First, host States are unlikely to prosecute PMSC personnel due to their limited capacity in times of conflict. In armed conflicts, it is not unusual for States to lose control over the own capitals, let alone exercise control over the actions of PMSCs. Second, hiring States are generally reluctant to prosecute their own troops for fear that this will undermine morale (Quirico, ‘The Criminal Responsibility of Private Military and Security Company Personnel under International Humanitarian Law’ in War by Contract, 424). Furthermore, the collection of evidence for the prosecution of war crimes in a national court requires an exceedingly coordinated international effort. Few States are prepared to undertake the efforts required to acquire evidence (Quirico, 424). In addition, PMSC personnel are often granted immunity contractually through agreements that the hiring state has with the host state. The details of the agreements between the Iraqi government and the Australian government are not public, so we do not know for sure whether URG, for example, enjoys immunity. In comparison, US forces deployed in Afghanistan did have immunity from local jurisdiction (Quirico, 444). Moreover, de facto immunity can be granted through judicial approaches. For instance, courts in the US have cited the political-question doctrine while declining to adjudicate upon claims relating to governmental action where discretion is essential to protect constitutional or political interests (Quirico, 443). In Australia, claims against PMSC personnel might fail on the basis of justiciability. Cases such as Minister for Arts, Heritage and Environment v. Peko-Wallsend and Hicks v Ruddock demonstrate how justiciability considerations underlie the courts’ decision to review (or not to review) government decisions involving international relations. Finally, if PMSC personnel are prosecuted, they are often charged with ‘street crimes’ under domestic law rather than war crimes. For example, the former Blackwater employees implicated in the Nisour Square massacre were charged with crimes of manslaughter and firearms offences. However, their conduct could potentially have amounted to violations of the War Crimes Act of 1996 (US), for murder of civilians, mutilation or maiming, and intentionally causing serious bodily injury (Quirico, 443).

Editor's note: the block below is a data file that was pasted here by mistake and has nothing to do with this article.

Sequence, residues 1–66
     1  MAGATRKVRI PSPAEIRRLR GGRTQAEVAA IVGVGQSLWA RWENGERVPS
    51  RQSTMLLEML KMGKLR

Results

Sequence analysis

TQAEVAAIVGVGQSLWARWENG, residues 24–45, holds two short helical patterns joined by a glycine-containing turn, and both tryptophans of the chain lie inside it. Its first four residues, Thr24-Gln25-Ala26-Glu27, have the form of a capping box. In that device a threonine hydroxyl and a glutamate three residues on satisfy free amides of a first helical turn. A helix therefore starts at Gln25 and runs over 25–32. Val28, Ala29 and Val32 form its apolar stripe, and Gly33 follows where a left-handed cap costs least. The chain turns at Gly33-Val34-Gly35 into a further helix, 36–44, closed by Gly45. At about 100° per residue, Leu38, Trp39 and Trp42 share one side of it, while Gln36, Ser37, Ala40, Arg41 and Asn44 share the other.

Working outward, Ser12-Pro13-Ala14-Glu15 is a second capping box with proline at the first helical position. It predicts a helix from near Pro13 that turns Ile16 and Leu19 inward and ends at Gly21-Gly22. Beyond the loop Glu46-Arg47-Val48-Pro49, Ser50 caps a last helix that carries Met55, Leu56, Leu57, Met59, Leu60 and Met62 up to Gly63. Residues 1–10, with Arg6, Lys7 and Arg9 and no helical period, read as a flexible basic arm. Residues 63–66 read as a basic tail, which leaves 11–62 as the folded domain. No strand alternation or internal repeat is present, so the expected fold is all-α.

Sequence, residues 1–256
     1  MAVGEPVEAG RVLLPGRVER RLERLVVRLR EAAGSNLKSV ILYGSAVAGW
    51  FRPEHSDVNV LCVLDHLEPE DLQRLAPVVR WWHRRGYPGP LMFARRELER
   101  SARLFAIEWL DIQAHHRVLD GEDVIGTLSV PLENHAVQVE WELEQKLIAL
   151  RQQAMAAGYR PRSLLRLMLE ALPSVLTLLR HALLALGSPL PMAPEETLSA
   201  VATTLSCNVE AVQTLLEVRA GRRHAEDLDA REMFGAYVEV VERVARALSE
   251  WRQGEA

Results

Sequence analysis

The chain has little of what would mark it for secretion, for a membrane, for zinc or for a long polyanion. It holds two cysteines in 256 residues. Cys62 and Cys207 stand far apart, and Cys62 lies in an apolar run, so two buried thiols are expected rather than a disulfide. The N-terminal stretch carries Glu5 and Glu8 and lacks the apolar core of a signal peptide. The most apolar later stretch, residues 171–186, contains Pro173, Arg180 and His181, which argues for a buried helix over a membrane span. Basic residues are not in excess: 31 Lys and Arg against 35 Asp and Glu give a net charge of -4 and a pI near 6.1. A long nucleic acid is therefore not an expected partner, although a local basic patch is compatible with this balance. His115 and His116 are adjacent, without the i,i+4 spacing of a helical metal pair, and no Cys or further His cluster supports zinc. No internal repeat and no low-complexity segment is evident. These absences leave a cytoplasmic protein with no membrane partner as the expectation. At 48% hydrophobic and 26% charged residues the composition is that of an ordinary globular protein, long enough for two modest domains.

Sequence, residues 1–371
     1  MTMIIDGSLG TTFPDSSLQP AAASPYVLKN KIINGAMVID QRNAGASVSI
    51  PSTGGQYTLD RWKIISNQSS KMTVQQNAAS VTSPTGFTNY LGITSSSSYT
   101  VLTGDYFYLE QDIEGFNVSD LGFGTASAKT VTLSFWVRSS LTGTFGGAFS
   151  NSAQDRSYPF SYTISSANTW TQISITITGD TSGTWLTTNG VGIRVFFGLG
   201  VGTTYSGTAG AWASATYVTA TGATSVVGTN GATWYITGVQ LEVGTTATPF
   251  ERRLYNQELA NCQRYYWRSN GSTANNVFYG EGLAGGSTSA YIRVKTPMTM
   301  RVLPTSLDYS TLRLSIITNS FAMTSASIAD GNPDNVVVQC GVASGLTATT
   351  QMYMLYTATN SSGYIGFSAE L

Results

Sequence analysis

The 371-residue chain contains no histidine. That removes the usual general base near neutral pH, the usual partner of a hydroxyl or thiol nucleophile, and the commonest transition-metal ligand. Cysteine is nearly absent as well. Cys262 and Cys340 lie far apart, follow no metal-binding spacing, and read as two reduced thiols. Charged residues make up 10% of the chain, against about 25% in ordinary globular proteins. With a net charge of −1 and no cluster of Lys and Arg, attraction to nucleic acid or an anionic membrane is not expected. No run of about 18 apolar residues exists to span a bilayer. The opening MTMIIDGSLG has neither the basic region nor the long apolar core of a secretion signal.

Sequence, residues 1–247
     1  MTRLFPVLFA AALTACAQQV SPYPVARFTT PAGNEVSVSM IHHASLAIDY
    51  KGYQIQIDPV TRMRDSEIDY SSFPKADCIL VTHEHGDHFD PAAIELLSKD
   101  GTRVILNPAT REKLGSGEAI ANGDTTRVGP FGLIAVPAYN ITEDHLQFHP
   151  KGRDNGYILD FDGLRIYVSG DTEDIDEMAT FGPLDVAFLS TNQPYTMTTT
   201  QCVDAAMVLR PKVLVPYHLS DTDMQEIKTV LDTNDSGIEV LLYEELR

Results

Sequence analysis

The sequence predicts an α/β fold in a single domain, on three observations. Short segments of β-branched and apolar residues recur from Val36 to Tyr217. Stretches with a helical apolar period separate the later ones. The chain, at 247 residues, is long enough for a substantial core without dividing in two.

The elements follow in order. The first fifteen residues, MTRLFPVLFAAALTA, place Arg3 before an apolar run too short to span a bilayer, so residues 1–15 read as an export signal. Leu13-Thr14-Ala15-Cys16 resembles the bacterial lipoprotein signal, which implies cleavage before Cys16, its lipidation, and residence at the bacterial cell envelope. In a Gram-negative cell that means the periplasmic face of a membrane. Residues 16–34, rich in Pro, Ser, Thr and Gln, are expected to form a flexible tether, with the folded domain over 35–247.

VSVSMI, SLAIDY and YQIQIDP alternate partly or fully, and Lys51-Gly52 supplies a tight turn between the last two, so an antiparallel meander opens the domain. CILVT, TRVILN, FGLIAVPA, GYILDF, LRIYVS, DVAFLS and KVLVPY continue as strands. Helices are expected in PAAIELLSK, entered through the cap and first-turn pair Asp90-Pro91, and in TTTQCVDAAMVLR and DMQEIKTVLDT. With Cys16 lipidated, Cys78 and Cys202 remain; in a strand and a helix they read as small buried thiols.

Importantly, the Australian Criminal Code 1995 (Cth) introduces offences ‘equivalent’ to the ICC Statute offences of genocide, crimes against humanity and war crimes into domestic federal criminal legislation. This introduction of international crimes confers jurisdiction upon courts to prosecute corporations for war crimes. This is an important and positive step towards the accountability of Australian PMSCs. However, many of the obstacles to accountability outlined above are also likely to prevent PMSC liability under the Australian federal criminal legislation.


Governments all around the world have been taking advantage of the cost-effective and efficient services that PMSCs provide to their armed forces. However, as demonstrated by the case of URG, there is a risk that such companies can violate international law during the course of their operations. Accountability mechanisms under IHL, IHRL and ICL are not yet sufficiently developed to tackle the introduction of a private actor into the military sphere, which has traditionally been reserved exclusively for States. URG’s cost-cutting moves may well have implications for the human rights of the local Iraqi population, but there appears to be no certain corresponding way in which these branches of international law can hold URG criminally responsible if such violations do occur.

Anna John is a final year Law/Arts student at the University of Queensland. She works as a research assistant at the University of Queensland’s T. C. Beirne School of Law. Anna was recently a guest researcher and research assistant at the Max Planck Institute of Comparative Public and International Law in Heidelberg, Germany.